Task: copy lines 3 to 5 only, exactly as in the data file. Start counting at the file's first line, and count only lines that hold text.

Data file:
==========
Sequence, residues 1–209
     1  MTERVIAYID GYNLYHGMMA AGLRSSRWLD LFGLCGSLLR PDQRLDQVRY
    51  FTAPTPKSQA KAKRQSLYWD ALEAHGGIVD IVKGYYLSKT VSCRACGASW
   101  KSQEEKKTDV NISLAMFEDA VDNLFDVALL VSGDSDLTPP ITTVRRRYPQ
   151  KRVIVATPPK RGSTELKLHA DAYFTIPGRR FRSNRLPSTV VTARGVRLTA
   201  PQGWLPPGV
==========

    51  FTAPTPKSQA KAKRQSLYWD ALEAHGGIVD IVKGYYLSKT VSCRACGASW
   101  KSQEEKKTDV NISLAMFEDA VDNLFDVALL VSGDSDLTPP ITTVRRRYPQ
   151  KRVIVATPPK RGSTELKLHA DAYFTIPGRR FRSNRLPSTV VTARGVRLTA